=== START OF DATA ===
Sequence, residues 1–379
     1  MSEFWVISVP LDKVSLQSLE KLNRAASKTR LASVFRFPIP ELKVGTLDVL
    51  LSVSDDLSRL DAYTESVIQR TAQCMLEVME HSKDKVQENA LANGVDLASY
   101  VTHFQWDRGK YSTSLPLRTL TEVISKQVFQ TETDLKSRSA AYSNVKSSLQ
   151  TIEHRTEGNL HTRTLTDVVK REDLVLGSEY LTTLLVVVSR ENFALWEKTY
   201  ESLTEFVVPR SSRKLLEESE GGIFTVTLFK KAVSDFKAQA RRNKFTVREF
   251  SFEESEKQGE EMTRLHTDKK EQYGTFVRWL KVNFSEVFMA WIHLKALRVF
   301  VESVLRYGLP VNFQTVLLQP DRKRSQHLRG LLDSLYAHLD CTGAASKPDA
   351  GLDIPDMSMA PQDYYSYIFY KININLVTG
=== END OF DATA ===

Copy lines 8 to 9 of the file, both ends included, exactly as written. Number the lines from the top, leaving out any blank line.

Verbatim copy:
   301  VESVLRYGLP VNFQTVLLQP DRKRSQHLRG LLDSLYAHLD CTGAASKPDA
   351  GLDIPDMSMA PQDYYSYIFY KININLVTG